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FREQUENTLY ASKED QUESTIONS
Why do I need a database?
Many people start their database with a spreadsheet but, as the database becomes larger and more complex, the spreadsheet becomes more and more difficult to work with. There are many advantages to using a database. Here are just a few:
What are the drawbacks?
This is also something that many database developers don't like to talk about but there are some drawbacks:
What about an off-the-shelf program?
There are a lot of off-the-shelve database applications available. Any accounting program, tax program, etc. - and there are many others - is basically a database application. These programs are relatively inexpensive compared to the actual development cost due to the large number of people who purchase them but they are also fairly rigid in that they have been designed to work with fairly 'standard' processes. If these programs meet your needs, use them.
The reason some companies decide to have a custom database built is that the off-the-shelve applications are not flexible enough to work they way their company works. Many of those companies started with an off-the-shelf program but later found it to be too limiting. They either decided it would be better to create a custom application than to change their internal procedures or they found they needed additional functionality that would not be available otherwise.
Another factor is that most off-the-shelve applications must be designed to include only those features needed most often. It is not cost effective for them to include features that would only be used by a few customers. A custom database application doesn't have this restriction so each application can be designed to work exactly the way your company works.
Many companies consider their custom database to be a part of their competitive edge over the competition.
Why can't I design my own database?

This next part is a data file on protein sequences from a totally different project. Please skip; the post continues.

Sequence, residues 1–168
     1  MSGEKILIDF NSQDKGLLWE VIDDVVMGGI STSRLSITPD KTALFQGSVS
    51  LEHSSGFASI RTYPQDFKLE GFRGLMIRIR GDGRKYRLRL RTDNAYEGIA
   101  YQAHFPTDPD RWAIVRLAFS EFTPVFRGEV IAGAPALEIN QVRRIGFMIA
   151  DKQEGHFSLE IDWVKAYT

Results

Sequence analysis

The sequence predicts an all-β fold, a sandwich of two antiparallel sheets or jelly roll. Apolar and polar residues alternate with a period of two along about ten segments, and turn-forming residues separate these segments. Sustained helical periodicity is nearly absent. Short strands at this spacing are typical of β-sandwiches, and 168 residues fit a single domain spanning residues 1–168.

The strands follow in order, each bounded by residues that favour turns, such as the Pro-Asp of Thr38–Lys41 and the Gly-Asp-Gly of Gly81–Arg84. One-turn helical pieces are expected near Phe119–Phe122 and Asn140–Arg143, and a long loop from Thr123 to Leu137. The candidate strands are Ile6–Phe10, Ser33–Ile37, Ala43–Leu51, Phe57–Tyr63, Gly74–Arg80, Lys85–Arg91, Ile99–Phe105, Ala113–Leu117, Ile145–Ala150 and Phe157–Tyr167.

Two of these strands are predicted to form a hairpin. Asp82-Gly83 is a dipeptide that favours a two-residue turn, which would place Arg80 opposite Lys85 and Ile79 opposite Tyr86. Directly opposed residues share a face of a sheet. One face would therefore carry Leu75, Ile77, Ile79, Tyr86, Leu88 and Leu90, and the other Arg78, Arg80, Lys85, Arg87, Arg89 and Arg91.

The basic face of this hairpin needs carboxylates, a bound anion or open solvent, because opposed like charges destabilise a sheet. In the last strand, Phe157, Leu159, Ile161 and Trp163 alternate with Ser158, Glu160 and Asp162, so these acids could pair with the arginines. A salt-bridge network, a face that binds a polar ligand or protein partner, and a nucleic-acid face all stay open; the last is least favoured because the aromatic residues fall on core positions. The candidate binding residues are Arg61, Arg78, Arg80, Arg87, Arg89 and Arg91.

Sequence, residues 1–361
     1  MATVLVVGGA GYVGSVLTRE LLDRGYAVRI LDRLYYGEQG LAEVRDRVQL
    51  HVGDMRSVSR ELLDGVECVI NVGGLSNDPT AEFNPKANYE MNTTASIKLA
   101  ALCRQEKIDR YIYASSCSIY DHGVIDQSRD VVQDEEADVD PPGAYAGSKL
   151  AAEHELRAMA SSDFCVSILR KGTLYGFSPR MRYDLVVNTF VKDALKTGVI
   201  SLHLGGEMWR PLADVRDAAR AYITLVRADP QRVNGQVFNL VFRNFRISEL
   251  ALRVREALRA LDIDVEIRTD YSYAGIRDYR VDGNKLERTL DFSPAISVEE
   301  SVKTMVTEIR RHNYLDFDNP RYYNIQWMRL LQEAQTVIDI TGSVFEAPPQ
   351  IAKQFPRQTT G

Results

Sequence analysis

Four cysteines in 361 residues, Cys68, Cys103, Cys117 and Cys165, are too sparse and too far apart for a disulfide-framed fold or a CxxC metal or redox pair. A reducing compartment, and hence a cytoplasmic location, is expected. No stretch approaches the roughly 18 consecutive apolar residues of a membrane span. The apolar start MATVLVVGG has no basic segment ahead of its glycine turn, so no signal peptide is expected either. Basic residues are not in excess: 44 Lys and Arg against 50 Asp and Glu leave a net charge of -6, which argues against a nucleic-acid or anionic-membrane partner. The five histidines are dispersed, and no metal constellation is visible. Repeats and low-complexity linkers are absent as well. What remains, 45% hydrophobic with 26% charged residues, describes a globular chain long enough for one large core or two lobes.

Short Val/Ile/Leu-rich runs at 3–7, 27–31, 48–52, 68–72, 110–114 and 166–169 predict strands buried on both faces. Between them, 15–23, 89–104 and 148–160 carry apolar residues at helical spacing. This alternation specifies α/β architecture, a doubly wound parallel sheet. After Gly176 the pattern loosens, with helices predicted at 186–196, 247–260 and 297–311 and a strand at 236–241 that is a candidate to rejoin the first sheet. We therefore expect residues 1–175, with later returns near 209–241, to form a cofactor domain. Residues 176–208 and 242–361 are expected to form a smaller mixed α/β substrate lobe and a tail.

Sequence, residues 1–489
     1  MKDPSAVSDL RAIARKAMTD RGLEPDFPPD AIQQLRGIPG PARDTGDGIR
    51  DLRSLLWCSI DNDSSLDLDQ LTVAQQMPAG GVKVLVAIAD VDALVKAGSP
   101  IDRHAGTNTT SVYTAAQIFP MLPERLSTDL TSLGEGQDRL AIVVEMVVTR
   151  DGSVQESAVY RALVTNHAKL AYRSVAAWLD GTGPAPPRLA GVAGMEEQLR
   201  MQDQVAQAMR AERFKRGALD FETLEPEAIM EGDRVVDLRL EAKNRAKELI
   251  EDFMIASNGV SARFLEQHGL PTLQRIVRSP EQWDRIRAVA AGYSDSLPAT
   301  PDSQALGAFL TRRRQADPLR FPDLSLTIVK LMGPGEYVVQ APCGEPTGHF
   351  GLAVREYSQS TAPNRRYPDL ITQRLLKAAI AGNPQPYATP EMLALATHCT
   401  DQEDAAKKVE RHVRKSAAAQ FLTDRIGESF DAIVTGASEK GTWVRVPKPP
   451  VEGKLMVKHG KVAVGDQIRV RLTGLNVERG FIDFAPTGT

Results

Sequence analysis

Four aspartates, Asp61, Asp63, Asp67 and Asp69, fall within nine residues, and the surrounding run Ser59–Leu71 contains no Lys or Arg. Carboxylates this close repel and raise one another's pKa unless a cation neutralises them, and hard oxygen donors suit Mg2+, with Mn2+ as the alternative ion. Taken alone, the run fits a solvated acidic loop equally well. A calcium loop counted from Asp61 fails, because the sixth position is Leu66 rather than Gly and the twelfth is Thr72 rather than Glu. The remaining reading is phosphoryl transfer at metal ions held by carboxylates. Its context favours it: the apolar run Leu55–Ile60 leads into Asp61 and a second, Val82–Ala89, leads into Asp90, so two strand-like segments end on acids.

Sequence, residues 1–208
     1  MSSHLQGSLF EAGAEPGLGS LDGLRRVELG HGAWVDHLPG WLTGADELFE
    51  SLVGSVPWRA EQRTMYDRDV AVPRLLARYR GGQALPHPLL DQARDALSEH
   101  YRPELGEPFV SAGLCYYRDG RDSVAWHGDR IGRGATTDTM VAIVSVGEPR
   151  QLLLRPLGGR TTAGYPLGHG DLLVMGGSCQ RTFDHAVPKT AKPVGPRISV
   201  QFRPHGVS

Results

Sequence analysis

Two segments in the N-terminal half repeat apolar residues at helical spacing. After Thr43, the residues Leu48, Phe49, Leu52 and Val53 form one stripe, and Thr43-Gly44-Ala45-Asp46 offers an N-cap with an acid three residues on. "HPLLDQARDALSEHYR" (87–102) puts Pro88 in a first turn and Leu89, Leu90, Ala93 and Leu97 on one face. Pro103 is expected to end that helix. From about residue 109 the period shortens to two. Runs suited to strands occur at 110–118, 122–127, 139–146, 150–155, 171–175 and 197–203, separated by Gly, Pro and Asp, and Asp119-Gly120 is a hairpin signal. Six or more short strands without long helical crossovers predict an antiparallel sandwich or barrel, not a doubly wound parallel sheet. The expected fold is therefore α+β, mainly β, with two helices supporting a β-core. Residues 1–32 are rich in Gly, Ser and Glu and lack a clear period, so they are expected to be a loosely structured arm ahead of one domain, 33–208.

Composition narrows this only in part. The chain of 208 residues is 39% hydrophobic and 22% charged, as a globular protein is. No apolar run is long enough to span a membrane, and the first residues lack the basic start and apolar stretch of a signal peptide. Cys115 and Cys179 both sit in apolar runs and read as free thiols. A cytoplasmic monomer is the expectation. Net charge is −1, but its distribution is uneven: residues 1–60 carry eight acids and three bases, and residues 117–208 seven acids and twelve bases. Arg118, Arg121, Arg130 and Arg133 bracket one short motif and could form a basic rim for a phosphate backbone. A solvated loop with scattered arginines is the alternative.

You probably can. And, even if you are not a surgeon you could probably operate on a brain tumor - but it takes a lot of training and practice to learn to do it without killing the patient.
Now, databases aren't nearly as complex as operating on brain tumors and the consequences certainly aren't as serious. However, using a database effectively is orders of magnitude more complex than what most people do with a spreadsheet. Even those who know how to write macros for spreadsheets will find that building a good database application is still far more complex. Even if you have the time and inclination to read all the instructions and learn how to use the database program, there are a number of other aspects to building a good database application that only come through training and practice.
A good database developer knows how to properly organize the data to get the desired outputs, maximize accuracy of input data, and maintain flexibility for future updates. A good developer will also have created shortcuts for common situations and may know methods that will allow him to do something in minutes that might take you hours or days to figure out. In addition, a good developer will often see potential improvements that you might never have considered. Sometimes it's these additional improvements that make the biggest contribution to the efficiency of the finished application.
So, the bottom line is that you could probably do it yourself but you need to evaluate the cost savings versus the additional time required and the possible missed opportunities.
What are these 'Field Rules' you talk about?
"Field Rules" is a catch-all phrase used to include all the procedures created to control data input. Field rules cover things like:
How long will it take?
This may be the toughest question of all. There are so many factors that go into estimating the time required to build a custom application that coming within 20% of the correct number of actual hours spent is usually considered to be an excellent estimate. Add to this the other issues that can delay development time and it becomes even more difficult to determine a completion date.
It is very difficult, and usually inefficient, for a programmer to spend a full 8 hours working on one program so a program that is estimated to take 40 hours will probably take at least two weeks if everything else goes perfectly. Add to that the delays that can result while questions are being sent back and forth, the delays to fix bad data, the delays that can result from a mis-understanding of the exact program requirements, interruptions for phone calls, emergency issues with other projects, etc. and the result can be a 40 hour project that takes a month to complete.
It's probably fair to say that few applications will be completed in 2 weeks or less and some may take 6 months or more depending on their size, complexity, and scope. As a percentage of overall time, the delays encountered while developing a small application are generally much greater than the delays in a large project.
AIMS DataCom, Inc. - Custom Database Applications
This site created and maintained by Cal Locklin, CALocklin@chartermi.net, using 1st Page 2000. Last update: 15-Apr-03
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